A look back at the BMW 503 Coupe (1956 – 1959)
The 1950s were a tricky time for BMW; in many ways the brand was fighting for its very survival. Amongst the overall difficulties for the company, the 503 was a shining light in the upmarket sporting car market. Sadly, the obvious quality was ultimately to be underappreciated.
Sitting top of the BMW range, just above a wide range of similarly luxury cars, the 503 looked truly glorious. Designed by Count Albrecht Goertz, who was later heavily involved in the Datsun 240Z project – amongst many others. It was marketed alongside the buxom 501 and 502 saloons, using the same running gear as the 502 (V8 engine included).
There may have been similarities with its running mates under the bonnet, but stylistically the 503 was in a class of its own. It was a stunningly beautiful machine, long and angular, the cabriolet featured protruding headlights and a taller, more elegant version of the BMW kidney grille.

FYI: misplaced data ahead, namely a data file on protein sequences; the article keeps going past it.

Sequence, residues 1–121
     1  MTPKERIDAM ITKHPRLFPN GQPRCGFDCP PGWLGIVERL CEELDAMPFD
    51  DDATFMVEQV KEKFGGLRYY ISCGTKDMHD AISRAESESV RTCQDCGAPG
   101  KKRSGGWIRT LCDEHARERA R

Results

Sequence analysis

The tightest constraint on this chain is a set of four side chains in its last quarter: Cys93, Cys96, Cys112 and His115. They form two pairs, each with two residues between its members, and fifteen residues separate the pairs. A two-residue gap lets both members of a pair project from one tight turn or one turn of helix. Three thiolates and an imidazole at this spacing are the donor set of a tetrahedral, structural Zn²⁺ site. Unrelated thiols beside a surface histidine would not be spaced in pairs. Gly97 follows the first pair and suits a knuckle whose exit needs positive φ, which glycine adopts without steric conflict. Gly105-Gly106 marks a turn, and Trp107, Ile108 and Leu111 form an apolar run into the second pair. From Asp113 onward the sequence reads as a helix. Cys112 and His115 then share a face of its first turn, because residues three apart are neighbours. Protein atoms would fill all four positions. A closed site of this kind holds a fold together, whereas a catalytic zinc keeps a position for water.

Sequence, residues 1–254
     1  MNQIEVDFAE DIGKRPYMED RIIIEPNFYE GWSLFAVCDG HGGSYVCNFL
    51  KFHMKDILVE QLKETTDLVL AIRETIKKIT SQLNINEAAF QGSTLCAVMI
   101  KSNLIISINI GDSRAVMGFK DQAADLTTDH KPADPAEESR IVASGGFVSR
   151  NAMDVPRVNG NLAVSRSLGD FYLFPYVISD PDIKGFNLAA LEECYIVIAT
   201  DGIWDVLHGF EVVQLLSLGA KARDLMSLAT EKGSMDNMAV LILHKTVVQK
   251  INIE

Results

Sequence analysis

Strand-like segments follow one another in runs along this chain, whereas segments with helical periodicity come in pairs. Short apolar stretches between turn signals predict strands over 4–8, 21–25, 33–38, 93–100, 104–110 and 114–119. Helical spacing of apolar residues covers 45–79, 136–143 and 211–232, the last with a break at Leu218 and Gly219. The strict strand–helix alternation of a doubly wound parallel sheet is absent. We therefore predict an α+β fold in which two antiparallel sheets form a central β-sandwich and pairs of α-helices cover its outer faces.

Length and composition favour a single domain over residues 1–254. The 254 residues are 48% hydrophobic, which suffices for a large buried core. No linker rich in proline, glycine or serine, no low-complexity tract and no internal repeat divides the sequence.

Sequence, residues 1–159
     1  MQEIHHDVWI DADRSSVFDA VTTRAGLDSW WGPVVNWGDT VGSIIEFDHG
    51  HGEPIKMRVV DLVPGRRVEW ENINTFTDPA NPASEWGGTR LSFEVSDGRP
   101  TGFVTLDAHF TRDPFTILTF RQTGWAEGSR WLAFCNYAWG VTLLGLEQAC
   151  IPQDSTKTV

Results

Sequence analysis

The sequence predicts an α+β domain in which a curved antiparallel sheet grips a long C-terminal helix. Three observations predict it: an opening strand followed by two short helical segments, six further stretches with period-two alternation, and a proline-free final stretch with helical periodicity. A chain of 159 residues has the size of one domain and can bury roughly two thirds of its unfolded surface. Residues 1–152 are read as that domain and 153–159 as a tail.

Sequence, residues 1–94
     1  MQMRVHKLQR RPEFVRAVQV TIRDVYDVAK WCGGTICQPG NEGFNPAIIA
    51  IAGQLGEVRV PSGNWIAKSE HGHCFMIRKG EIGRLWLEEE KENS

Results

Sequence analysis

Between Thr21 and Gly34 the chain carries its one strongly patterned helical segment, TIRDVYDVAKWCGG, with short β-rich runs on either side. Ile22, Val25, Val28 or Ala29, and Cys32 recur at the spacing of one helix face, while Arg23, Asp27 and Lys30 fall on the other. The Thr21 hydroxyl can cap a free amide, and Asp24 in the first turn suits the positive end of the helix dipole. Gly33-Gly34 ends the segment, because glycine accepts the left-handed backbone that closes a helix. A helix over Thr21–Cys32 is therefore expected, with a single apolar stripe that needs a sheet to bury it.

It was lighter than the 501 and 502 and the V8 had been tuned up to produce 140bhp, making it fast and enjoyable to drive. That said, all this speed and elegance didn’t come cheap and ultimately the 503 never found many buyers. Looks wise, it may have been years ahead of its time, but ultimately the BMW 503 was an expensive folly that almost bankrupted the company.
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